The downside is that the left hook doesn’t have a great distance and can leave you vulnerable when you go empty.

So it’s important to pull this shot only when the opportunity is presented.

The left hook is deceptive and is most useful when you are in the opponent’s distance and you have an increasing pace of shots.

The hook is a dangerous shot because it comes from an angled position and is a very versatile shot.

How to use the hook, where the left hook:

  • damage after the cross.
  • It can be effective if it blocks the first shots of cross jab.
  • you can direct it to the head or body.

Jab Cross Hook Cross

4. The final cross of the combination

Finish all your combinations with the strongest hand.

As long as you’re trying to attack rather than defend, it should be natural to finish all your combinations with your best power shot.

  • The jab opens the combination.
  • Cross causes damage.
  • The left hook opens a second angle of attack.
  • The final cross ends with a power stroke the combination to do even more damage.

Jab Cross Hook Cross

Ps. The last shot experiences adding more punches at the end, such as a jab to re-establish the distance, an uppercut to put an angled power shot, etc. or even another punch like the overhead.

Jab Cross Hook Cross Fighting Tips - Street Fight Mentality & Fight Sport

Now that you’ve seen one of the “master” punch combinations as a use, start creating your master combination.

Each fighter has his own set of combinations to surprise the opponent.

Right now your goal is to memorize and practice this combination.

Over time, you’ll learn how to change small details to make it more effective and make it work.

Practice packed, with focus pads with a workout buddy, in the void, etc.

Experiment and find out why it’s natural and why it works so well, it mistakes and learns, pulls shots by changing the pace, the power of shots, inserting displacements in combination with footwork.

This simple combination is a laboratory.

Whether you’re a beginner or an expert, the basic combination par excellence Jab Cross Hook Cross, this basic combination of punches all use it.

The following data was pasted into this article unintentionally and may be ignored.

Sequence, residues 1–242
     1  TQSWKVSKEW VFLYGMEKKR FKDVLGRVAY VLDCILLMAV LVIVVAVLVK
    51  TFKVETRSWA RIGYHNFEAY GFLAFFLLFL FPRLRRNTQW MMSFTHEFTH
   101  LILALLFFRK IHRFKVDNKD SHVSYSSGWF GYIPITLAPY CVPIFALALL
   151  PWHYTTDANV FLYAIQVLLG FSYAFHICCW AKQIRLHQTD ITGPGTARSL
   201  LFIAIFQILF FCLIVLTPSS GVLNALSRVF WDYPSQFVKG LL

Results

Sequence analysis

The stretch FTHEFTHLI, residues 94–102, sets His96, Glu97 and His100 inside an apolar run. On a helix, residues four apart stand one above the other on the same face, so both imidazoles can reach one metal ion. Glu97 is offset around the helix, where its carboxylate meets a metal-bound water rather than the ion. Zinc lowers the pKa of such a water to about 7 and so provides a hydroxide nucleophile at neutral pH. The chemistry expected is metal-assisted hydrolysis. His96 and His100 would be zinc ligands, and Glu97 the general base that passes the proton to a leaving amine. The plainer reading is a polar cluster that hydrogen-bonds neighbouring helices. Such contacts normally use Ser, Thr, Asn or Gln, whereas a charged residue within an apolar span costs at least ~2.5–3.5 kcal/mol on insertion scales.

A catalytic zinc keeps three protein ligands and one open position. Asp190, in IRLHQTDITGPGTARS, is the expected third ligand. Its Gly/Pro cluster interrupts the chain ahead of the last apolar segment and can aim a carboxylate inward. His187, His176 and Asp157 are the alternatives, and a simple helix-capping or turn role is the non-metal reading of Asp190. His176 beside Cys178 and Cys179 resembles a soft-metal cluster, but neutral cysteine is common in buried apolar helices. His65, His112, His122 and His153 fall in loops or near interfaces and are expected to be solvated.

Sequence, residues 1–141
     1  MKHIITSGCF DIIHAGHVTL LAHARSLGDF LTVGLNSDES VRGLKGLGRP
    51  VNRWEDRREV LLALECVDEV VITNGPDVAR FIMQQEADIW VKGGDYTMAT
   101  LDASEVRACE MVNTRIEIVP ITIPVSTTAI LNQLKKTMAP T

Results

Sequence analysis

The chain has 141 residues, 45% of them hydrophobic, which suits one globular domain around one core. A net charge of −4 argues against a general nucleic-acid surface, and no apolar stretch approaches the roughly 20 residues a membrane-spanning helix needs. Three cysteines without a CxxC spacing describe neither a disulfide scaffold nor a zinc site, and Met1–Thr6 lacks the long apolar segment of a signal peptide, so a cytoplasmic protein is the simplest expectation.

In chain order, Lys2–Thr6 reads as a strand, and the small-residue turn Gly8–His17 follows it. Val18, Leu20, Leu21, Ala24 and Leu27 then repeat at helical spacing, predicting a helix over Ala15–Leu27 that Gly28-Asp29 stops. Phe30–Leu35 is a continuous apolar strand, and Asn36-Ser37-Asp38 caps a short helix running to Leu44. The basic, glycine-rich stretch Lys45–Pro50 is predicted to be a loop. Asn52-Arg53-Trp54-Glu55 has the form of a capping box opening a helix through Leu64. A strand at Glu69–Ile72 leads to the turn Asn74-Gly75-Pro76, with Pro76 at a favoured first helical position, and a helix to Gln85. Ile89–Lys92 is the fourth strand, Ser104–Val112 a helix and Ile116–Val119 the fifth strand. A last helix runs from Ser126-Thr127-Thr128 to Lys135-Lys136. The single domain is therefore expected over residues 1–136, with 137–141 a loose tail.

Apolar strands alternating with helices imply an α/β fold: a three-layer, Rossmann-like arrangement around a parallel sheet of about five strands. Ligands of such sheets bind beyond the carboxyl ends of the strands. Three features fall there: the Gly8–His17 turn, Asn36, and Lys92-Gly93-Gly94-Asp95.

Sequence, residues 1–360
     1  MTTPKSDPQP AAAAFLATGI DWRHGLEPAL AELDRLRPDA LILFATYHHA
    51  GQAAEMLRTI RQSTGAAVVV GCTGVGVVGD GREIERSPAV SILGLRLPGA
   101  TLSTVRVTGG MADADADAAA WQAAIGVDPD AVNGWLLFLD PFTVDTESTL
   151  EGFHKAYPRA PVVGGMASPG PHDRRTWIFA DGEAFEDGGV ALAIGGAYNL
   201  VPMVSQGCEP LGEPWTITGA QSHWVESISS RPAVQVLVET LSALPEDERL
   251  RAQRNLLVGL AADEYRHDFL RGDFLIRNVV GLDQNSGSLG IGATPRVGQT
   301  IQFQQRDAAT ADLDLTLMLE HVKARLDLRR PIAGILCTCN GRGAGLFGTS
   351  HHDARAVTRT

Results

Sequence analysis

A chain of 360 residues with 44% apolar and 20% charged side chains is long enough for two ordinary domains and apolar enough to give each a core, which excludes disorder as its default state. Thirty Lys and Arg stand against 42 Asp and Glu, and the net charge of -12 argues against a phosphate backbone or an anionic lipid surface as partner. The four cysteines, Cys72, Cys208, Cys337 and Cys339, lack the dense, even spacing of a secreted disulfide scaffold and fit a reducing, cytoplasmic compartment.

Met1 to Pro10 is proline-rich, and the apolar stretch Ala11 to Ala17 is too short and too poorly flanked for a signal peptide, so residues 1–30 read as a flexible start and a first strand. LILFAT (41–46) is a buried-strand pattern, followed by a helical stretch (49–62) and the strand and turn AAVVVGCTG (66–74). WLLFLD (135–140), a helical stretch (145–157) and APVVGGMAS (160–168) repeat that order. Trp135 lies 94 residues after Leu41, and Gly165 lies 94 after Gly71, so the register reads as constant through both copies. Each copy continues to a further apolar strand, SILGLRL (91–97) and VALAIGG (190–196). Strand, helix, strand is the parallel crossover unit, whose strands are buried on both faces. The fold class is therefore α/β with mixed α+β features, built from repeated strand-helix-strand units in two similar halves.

Street Fight Mentality & Fight Sport!


Con una passione per la difesa personale e gli sport da combattimento, mi distinguo come praticante e fervente cultore e ricercatore sulle metodologie di allenamento e strategie di combattimento. La mia esperienza abbraccia un vasto panorama di discipline: dal dinamismo del Boxing alla precisione del Muay Thai, dalla tecnica del Brazilian Jiu-Jitsu all'energia del Grappling, dal Combat Submission Wrestling (CSW) all'intensità del Mixed Martial Arts (MMA). Non solo insegno, ma vivo la filosofia di queste arti, affinando costantemente metodi e programmi di allenamento che trascendono il convenzionale. La mia essenza si riflette nell'autodifesa: Filipino Martial Arts (FMA), Dirty Boxing, Silat, l'efficacia del Jeet Kune Do & Kali, l'arte della scherma con coltelli e bastoni, e la tattica delle armi da fuoco. Incarno la filosofia "Street Fight Mentality", un approccio senza fronzoli, diretto e strategico, unito a un "State Of Love And Trust" che bilancia l'intensità con la serenità. Oltre al tatami, la mia curiosità e competenza si spingono verso orizzonti diversi: un blogger professionista con la penna sempre pronta, un bassista dal groove inconfondibile e un artigiano del coltello, dove ogni lama è un racconto di tradizione e innovazione. Questa sinfonia di abilità non solo definisce la mia identità professionale, ma dipinge il ritratto di un individuo che nella diversità trova la sua unica e inconfondibile voce e visione. Street Fight Mentality & Fight Sport! Andrea